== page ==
Handling E-Mail

Nancy Anderson
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A recent article in USA Today addressed the electronic “communications overload” that we are facing in our society today. This is a growing concern for our businesses where, according to the article, they receive more than 110 messages a day and the interruptions result in a yearly loss of $650 billion.

 

One of the basic decisions you face in your business as well as in your home is how to handle the e-mail that comes your way. “You’ve Got Mail” use to be a welcomed greeting; but now you not only receive important information but also spam, solicitations, and everyone on your Christmas card list sending you the latest joke, cartoon or inspirational story. You need a system to quickly – and correctly – handle all those messages.

 

How about TAPS?

 

  1. Toss it. This is the first selection because, according to the experts, more than half of our e-mails can be immediately sent to the wastebasket. You might not even have to open it but simply make the decision based on the sender and subject. If the message is not pertinent to a current project or it is not required to be kept, get rid of it – quickly; don’t let it waste your valuable time.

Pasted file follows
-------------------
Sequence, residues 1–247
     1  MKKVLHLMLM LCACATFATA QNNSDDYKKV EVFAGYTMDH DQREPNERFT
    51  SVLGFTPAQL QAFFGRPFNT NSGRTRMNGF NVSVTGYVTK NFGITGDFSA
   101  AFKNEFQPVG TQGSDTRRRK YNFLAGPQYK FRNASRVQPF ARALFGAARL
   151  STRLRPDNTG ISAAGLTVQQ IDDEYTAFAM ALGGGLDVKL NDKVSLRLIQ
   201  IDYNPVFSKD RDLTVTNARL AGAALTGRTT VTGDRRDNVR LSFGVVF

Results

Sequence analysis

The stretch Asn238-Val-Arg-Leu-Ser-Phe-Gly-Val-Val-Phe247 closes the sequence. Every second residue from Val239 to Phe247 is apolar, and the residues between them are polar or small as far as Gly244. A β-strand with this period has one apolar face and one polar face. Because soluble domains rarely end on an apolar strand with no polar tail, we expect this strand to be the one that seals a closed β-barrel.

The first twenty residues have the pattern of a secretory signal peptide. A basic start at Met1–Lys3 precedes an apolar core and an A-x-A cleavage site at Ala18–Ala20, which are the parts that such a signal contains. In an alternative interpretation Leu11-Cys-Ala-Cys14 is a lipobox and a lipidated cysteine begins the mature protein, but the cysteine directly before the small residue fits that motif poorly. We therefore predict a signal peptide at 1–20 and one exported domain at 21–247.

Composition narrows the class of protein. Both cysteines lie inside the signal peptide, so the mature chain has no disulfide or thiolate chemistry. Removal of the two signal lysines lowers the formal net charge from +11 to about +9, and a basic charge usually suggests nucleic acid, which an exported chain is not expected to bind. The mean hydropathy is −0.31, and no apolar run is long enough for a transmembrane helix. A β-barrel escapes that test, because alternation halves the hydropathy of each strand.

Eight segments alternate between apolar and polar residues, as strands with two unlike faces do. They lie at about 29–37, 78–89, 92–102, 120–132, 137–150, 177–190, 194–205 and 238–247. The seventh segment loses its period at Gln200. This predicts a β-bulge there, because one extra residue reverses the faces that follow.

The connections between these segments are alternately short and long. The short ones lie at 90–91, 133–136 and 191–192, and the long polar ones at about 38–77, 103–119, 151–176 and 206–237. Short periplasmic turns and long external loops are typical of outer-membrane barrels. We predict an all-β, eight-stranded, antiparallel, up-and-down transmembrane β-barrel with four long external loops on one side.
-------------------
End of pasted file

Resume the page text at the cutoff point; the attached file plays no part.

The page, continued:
2. Act on it. The old model of paper efficiency is the same with e-mail: handle it once. Does the message call for action; then do it right away – if it can be done in less than two minutes! Why “save” the message and come back to it later when an immediate reply or quick phone call is all it takes to be done with it. Again, the experts say this accounts for another third of our e-mail messages.
  3. Pass it on. The action required may be better suited for another team member or office personnel – or even your spouse (if at home). If so, forward the message to them – immediately. It will only burn more of your time if you have to track down the post and then pass it on. (Be careful; your spouse may prefer to talk with your directly, rather than though e-mai!)
  4. Schedule it. If the e-mail does not fit into the above categories, that is, it is something you have to handle but cannot do it immediately, file it away into the appropriate e-mail folder AND put it on your calendar/to-do-list. (Some software programs let you drag the e-mail right to your calendar or action list.) Make the posting so clear that you do not have to refer to the original e-mail again.

 

If you have a backlog of hundreds (!) of e-mails, it may take you some time to TAPS them, but setting time aside every day to effectively and efficiently handle your e-mails will be a great time saver for you and your business.

 

 

For twenty-five years Joe C. Fairchild was a public speaker, counselor, and “life-coach.” He has worked with individuals and both small and large groups. Currently semi-retired he is pursuing a life-long interest in writing. Read more of his blogs at CommunicationsJobsBlog.net.

 

 

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